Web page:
Audiences back local stories for Encounters Backsberg Audience Awards 2018

Life is Wonderful: Mandela’s Unsung Heroes won the international film award at the 2018 Backsberg Audience Awards

Local audiences got behind local stories at this year’s Encounters South African International Documentary Festival with the winning films voted by festivalgoers for the Backsberg Audience Award applauded for their take on South African politics, human rights and culture.

The 20th edition of the Festival saw several films demand repeat screenings and once again true stories resonated powerfully with passionate audiences, and so Encounters are delighted to confirm the winning films voted by non-fiction film enthusiasts themselves with joint 1st and 2nd places for our South African/African films and one clear winner for the International selection.

The joint winners of the 2018 Encounters Backsberg Audience Award for a South African/African film are:

The Fun’s Not Over: The James Phillips Story – The rollicking yet intimate portrait of poetic rocker James Phillips by Michael Cross.

Not in my Neighbourhood – Award-winning Cape Town filmmaker Kurt Orderson’s compelling exploration of the parallels of the current urban environments in three seemingly disparate cities: São Paulo, Cape Town and New York.

The outright winner of the Backsberg Audience Award for Best International Film is:

Life is Wonderful: Mandela’s Unsung Heroes – Former UK High Court Judge Nick Stadlen unearthed rare archival material to construct an intimate portrait of many of the lesser known participants at the Rivonia Treason Trial.

Sponsor, Simon Back of Backsberg Wines says, “This year’s award-winners were truly well-deserved. In terms of the festival itself, Backsberg couldn’t be prouder of the association as Encounters provides a necessary platform for critical dialogue in our society.”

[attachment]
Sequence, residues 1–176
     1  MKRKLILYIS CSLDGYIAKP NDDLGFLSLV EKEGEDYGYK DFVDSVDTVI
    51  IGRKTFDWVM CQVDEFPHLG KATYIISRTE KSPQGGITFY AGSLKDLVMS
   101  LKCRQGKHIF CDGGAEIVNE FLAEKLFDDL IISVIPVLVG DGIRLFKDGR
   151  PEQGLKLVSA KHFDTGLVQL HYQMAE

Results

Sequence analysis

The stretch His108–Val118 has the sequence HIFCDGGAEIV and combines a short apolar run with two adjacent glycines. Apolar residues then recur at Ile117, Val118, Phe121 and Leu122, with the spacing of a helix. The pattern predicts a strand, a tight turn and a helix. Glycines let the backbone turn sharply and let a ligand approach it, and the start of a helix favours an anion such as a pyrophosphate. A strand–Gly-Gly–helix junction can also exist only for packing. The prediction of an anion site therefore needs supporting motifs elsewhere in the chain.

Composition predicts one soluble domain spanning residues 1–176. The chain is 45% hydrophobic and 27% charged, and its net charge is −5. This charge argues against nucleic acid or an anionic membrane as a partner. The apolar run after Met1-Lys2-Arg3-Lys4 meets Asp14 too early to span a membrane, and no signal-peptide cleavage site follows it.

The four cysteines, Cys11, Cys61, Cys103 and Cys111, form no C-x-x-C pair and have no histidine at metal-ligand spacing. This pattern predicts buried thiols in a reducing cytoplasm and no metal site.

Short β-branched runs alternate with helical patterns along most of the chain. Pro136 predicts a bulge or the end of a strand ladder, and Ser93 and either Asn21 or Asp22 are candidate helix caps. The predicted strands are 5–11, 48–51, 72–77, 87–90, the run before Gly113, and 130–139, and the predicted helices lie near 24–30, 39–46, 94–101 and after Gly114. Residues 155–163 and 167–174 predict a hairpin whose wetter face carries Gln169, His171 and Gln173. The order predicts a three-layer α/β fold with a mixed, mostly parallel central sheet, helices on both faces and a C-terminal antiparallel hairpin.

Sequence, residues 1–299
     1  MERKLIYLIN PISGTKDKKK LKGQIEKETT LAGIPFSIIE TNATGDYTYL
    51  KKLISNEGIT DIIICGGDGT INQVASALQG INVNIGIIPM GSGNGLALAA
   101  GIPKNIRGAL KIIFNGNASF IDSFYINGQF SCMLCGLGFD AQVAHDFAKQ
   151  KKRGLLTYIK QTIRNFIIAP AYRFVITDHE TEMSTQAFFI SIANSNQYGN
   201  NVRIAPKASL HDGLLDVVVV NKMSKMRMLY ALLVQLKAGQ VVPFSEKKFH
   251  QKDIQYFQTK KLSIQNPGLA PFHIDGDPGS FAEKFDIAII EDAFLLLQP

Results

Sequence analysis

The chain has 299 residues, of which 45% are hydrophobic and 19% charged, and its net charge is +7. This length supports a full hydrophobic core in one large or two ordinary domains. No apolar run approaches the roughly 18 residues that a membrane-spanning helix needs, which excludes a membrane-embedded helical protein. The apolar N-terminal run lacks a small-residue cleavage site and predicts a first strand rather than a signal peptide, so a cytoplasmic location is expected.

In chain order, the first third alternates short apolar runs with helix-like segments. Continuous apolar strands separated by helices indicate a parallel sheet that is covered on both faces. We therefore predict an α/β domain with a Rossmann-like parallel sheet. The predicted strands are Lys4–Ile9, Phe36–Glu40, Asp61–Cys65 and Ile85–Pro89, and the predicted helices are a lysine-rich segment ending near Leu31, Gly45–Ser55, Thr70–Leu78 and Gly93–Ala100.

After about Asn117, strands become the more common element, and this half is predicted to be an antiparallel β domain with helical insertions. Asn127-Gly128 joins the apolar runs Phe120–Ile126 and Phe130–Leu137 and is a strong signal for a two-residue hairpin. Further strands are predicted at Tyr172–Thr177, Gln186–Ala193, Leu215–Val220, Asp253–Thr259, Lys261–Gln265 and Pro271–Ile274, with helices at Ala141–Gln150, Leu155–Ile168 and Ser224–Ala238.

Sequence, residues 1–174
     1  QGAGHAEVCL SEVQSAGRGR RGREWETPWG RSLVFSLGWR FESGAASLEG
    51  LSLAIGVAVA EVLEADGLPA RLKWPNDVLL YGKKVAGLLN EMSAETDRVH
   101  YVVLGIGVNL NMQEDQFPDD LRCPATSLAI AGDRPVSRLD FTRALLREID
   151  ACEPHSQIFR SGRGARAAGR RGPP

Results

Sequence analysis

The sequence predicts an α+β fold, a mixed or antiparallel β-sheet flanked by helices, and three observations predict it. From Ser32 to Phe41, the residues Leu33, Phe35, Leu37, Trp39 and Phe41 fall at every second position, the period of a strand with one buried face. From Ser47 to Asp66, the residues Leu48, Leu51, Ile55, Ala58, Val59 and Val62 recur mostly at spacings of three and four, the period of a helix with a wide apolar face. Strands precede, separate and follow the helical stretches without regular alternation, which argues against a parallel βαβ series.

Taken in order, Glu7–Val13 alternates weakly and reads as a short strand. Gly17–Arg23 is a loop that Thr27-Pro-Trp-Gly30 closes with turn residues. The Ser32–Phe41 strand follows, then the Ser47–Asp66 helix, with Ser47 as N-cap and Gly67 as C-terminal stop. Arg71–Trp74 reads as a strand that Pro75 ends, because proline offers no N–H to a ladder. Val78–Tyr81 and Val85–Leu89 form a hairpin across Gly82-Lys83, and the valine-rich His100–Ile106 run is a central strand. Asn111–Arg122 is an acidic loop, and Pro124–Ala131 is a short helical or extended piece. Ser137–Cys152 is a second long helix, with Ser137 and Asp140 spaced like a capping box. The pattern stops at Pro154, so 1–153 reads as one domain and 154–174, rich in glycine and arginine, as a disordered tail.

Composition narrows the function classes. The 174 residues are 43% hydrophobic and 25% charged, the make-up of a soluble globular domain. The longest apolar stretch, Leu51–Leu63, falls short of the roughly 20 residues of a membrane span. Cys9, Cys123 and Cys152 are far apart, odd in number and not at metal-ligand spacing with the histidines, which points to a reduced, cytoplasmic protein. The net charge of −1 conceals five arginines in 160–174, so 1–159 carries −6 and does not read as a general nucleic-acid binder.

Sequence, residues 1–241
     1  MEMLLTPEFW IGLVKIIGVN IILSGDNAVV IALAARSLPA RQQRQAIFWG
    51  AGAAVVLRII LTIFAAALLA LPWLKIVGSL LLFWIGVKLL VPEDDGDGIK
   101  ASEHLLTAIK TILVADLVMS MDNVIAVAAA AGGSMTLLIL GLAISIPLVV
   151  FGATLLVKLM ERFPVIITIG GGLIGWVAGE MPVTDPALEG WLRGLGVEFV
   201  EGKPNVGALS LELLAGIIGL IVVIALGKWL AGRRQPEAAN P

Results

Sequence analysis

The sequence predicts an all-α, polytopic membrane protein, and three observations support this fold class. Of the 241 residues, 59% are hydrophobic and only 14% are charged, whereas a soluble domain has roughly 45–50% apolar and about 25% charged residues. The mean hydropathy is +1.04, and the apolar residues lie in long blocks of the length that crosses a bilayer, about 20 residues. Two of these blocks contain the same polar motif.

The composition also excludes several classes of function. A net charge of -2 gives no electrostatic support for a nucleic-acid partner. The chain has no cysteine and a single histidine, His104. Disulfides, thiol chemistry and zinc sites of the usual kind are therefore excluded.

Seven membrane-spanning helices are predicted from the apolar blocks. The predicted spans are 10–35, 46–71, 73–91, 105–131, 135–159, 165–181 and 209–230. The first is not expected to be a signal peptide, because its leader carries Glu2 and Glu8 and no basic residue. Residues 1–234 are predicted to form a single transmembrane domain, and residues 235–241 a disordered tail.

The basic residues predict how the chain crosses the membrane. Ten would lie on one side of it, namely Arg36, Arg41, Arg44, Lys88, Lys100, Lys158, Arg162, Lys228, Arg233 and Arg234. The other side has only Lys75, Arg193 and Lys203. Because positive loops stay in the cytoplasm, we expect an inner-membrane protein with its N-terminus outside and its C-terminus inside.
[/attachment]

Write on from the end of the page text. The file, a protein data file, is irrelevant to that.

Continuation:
Guest festival director Reggie Khanzi noted that this year’s 20th anniversary edition has been a unique one, saying, “On behalf the board of Encounters and staff I would like to express my sincere gratitude and appreciation to all the filmmakers that participated in this most significant edition. Twenty years we celebrated, and what a special ten-day occasion it was – despite the major challenge of funding. I would like to congratulate all the winners in the South African/African and International categories, and thank all those that cast their ballots.”

The full list and runners up are:

South African/African Films Joint Winners

First place went to The Fun’s Not Over: The James Phillips Story by director Michael Cross, and the film Not In My Neighbourhoods by director Kurt Orderson.

Second place went to the film Survivors by directors Arthur Pratt, Anna Fitch, Banker White and Lansana Mansard; and Pluck: A Film Not Just About The Chicken by directors Joëlle Chesselet and Lloyd Ross.

The third place went to Akin Omotoso for his film, The Colour of Wine.

International Films

The winning film went to Life is Wonderful: Mandela’s Unsung Heroes.

Runners up included:

  • Westwood; Punk, Icon, Activist by director Lorna Tucker
  • Matangi/Maya/M.I.A. by director Stephen Loveridge
  • DeMiner by directors Hogir Hirori and Shinwar Kamal
  • The Price of Everything by director Nathaniel Kahn

Encounters also announced the winners of the Encounters – SK EYE Awards:

The first prize went to The Art of Healing.
“We loved this film because of it’s authenticity, and sensitivity towards the brave subject, Lizette Chirrime. Using more conceptual visuals to represent the suffering Chirrime has faced in her life, it gave the film room to breathe and it was a brilliant way to illustrate what we can only imagine how her experience must have felt like. The narrative structure of the film was powerful, as it provided the context of her life before moving to her art making process, and the joy and relief it brings to her now.”

Second place went to Masquerading: To Hell and Back.
“The main subjects of the film were charismatic and fascinating. Their openness allowed for an intimate portrait of the experience of performing drag in South Africa over the last 20 to 30 years. A very moving story that definitely has enough content for a feature! Best cinematography out of all the films – we loved the intro shot!”

Special mentions were given to I Still Rise, a story about VULPRO (for story).
“To make a film about vultures that show them as sweet and loveable isn’t easy, but by the end we all had a soft spot for vultures, and a understanding towards why it is important to look after them.”

Music in the Mountains, a film about the Drakensburg Boys choir (for story).
“Wonderful subject, the filmmakers choose the perfect student Sithle. Heart warming story.”

Red Zone Paramedics was chosen for its creativity.
“The film focuses on a heavy subject, and the filmmakers handled it with a bit of comedy and lightness, which made the film easy to watch while the audience is still made fully aware of how difficult it is for this group of paramedics to do the job they are so passionate about.”


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